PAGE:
While aid from North American and some wealthy Latin American countries link the regions, the aid to Sub-Saharan Africa has often yielded little help or change to the area (Rowntree 269). One of the most striking differences between the other regions and Sub-Saharan Africa is its ancient population. While a majority of the African population is natively and ethnically African, most of the peoples in the other regions covered were relatively recent immigrants (within the past 400 years). Sub-Saharan Africa has had mass environmental loss. While there are some remaining thriving forests, deforestation is of high environmental distress (Rowntree 229). Land has been cleared primarily for agricultural purposes, desertification has been a major concern in Africa. Rural living is more common in Sub-Saharan Africa than in other regions in this study, but there has been a growth in urban living, especially in Nigeria.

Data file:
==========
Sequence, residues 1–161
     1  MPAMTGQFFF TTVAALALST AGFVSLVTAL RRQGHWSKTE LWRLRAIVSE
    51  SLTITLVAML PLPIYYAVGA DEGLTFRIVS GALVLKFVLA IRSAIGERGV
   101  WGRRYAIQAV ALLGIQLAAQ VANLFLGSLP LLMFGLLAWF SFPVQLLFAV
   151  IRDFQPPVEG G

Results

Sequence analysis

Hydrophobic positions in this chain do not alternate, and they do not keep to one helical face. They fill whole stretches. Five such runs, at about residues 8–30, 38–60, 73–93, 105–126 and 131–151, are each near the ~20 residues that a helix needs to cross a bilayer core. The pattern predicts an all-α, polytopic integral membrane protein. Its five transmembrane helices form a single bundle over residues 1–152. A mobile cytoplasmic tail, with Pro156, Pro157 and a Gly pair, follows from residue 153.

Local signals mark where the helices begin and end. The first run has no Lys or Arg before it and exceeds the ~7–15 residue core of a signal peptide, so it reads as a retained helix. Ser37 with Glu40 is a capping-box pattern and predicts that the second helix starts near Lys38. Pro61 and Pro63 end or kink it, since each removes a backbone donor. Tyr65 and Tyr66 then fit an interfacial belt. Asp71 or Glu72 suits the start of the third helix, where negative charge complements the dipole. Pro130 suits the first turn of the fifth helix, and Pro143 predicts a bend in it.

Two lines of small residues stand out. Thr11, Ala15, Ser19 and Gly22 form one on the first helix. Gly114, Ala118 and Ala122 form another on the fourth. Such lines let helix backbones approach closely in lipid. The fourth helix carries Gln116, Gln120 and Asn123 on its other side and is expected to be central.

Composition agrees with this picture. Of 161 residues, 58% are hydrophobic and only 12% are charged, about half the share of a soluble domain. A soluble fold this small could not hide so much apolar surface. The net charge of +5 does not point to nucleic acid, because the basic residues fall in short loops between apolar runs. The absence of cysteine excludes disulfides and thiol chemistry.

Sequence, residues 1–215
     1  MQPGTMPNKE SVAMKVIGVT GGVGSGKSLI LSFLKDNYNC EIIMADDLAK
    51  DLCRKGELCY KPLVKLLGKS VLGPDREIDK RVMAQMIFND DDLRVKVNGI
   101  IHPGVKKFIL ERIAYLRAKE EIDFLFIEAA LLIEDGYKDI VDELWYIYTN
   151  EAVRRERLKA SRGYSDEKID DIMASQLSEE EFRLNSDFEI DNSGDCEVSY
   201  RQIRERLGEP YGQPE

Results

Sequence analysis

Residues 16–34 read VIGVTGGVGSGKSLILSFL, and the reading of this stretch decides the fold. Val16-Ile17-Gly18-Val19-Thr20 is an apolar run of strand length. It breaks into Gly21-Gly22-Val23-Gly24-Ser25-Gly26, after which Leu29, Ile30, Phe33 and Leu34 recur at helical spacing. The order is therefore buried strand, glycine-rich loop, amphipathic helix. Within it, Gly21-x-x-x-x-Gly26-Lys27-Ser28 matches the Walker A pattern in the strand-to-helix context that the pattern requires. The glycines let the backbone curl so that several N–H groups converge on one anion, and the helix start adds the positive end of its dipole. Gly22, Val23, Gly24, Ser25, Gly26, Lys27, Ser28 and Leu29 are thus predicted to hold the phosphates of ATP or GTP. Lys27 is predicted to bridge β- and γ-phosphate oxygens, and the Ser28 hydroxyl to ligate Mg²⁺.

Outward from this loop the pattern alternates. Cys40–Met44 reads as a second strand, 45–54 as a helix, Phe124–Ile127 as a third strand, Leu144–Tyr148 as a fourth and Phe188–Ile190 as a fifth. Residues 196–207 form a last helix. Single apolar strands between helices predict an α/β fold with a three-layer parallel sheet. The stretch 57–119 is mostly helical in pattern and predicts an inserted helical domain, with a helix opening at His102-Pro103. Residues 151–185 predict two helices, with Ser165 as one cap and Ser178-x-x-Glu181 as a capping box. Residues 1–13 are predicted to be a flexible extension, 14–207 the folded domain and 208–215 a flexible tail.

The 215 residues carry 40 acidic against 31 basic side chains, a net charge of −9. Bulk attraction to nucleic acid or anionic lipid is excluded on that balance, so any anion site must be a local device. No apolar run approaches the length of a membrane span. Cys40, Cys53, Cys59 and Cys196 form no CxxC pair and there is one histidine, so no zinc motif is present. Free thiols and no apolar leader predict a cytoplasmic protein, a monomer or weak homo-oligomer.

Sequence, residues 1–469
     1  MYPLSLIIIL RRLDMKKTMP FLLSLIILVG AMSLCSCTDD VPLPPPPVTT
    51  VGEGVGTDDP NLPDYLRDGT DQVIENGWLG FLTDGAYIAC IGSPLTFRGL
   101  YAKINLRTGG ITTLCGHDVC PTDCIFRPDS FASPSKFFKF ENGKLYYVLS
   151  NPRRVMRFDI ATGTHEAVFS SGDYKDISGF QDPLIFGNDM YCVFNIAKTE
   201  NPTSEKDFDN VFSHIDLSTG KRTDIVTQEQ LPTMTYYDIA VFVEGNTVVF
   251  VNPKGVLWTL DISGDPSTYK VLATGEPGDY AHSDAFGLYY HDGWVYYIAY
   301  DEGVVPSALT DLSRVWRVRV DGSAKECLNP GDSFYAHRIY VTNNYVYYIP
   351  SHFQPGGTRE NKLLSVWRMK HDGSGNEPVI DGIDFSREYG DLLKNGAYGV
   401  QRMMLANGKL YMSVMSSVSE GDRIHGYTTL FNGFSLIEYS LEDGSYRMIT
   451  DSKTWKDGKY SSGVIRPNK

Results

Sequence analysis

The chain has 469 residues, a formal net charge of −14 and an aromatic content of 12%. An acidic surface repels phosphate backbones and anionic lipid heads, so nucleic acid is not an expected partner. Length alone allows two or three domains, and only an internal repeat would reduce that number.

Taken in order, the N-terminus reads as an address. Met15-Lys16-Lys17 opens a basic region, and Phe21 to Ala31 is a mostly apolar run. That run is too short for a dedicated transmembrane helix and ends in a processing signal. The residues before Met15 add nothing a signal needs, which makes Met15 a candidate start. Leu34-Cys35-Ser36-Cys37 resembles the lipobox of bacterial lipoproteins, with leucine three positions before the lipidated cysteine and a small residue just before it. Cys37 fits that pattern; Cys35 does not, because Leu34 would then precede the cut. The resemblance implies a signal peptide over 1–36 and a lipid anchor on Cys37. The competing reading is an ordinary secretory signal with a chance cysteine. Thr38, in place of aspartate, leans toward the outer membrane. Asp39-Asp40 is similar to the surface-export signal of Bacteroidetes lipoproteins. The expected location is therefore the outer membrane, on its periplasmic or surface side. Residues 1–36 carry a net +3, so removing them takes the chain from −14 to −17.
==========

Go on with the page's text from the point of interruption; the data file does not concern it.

In this paper, we have considered North America, Latin America, and Sub-Saharan Africa. The influence of globalization on these regions is extraordinarily high, affecting almost all areas of life. The regions and countries therein have influenced each other and the world economically, socially, culturally, religiously and in countless other ways. There have been benefits from globalization to all the regions such as influxes of money from tourism and emigrants who send money back to their families back in their homeland, but disadvantages as well, environmental decline and a growing poverty gap being just a few. Through globalization, the regions are intrinsically linked. Countries in today’s world, more than any other time in human history, are dependent on one another with all the benefits and challenges this endeftails.
P.J. and Sahagun, Louis. “A tale of grape versus redwood”. Los Angeles Times August 25, 2011: Print.
Rowntree, Les, et al. Diversity Amid Globalization: World Regions, Environments, Development Third Edition. New Jeresy: Pearson, 2006. Print.